Quality vs quantity

I know go on and on about not having enough light at sporting events. I moan and groan about inadequate lighting at area stadiums and gymnasiums ad nauseam.¬† True, it’s nice to have a lot of light to shoot with for¬†higher shutter speeds to stop the action, or smaller apertures for more depth of field or lower ISOs for pictures with less noise. Why, then, would I want to shoot a game with less light? Sometimes it’s not a question of how much light, but the quality of that light.

Last November, I shot the Sac-Joaquin Section boys soccer playoff game between Edison High at St. Mary’s in Stockton. It was about 4 in the afternoon, and the sky was heavily clouded, nearly to the point of being overcast. My exposures were less than they would have been on a sunny day, but there was still enough light to shoot without raising the camera’s light sensitivity to a great extent.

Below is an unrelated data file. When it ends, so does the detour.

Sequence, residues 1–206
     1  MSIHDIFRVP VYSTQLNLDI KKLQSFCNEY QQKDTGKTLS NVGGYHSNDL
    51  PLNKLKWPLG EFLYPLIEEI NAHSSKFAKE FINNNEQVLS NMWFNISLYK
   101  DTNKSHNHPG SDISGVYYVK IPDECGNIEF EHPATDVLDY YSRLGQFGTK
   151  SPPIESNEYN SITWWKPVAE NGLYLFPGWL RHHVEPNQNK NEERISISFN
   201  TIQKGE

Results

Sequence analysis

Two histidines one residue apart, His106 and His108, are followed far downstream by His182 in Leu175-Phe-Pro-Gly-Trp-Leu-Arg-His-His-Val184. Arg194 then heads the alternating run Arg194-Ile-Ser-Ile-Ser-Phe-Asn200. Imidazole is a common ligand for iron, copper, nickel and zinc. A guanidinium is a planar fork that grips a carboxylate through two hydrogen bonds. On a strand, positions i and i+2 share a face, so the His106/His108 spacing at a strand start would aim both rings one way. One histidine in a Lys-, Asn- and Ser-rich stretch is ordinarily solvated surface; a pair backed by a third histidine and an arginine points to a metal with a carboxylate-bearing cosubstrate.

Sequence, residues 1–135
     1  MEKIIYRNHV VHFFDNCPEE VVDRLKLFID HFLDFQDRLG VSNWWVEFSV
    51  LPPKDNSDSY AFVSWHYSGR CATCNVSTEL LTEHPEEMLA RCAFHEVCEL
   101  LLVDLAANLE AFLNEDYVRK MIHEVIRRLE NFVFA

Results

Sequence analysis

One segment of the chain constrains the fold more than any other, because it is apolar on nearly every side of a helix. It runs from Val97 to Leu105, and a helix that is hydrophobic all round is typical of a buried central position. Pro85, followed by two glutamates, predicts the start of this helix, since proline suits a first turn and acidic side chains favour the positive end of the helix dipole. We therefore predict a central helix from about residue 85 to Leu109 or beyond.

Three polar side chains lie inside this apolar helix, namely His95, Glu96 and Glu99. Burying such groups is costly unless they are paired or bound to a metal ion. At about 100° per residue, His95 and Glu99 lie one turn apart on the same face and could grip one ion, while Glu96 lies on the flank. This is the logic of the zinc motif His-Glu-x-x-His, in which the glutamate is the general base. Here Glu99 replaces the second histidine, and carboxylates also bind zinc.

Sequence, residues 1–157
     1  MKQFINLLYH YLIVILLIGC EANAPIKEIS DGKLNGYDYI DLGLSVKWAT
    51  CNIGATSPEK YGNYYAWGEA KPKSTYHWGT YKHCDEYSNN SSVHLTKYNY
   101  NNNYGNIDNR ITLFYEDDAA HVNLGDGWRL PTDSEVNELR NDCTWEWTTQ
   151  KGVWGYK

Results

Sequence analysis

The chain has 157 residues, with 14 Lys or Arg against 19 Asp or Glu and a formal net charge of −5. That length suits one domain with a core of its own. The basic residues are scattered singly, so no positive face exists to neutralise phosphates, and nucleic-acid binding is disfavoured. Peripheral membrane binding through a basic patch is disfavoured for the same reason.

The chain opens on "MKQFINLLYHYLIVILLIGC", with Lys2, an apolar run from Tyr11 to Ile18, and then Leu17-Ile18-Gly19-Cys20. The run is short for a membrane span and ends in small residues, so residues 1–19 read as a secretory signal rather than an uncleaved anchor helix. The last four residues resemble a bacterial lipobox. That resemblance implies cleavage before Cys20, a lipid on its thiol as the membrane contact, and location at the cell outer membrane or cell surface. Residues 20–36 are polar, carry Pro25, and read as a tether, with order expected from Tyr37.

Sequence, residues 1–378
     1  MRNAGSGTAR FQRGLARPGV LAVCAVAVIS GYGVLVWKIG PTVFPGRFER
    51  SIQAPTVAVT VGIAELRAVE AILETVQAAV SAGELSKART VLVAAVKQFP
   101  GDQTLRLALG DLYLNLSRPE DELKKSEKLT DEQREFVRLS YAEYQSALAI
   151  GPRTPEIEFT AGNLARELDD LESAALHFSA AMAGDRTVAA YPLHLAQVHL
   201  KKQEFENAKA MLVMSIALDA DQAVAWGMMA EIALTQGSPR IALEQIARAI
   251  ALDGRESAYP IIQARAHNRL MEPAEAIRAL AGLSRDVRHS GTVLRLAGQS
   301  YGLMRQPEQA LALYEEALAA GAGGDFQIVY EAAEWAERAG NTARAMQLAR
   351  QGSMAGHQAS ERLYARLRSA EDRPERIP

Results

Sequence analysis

The quality of the light was quite nice. The harsh shadows of a bright direct sun were gone. The range between light and dark was very narrow. The lighting was very even. It was almost like I was using a gigantic sky-sized softbox over an equally large studio flash to illuminate the field.

So when it comes to light, sometimes it’s less about how much of it you have than it is about how good it is.

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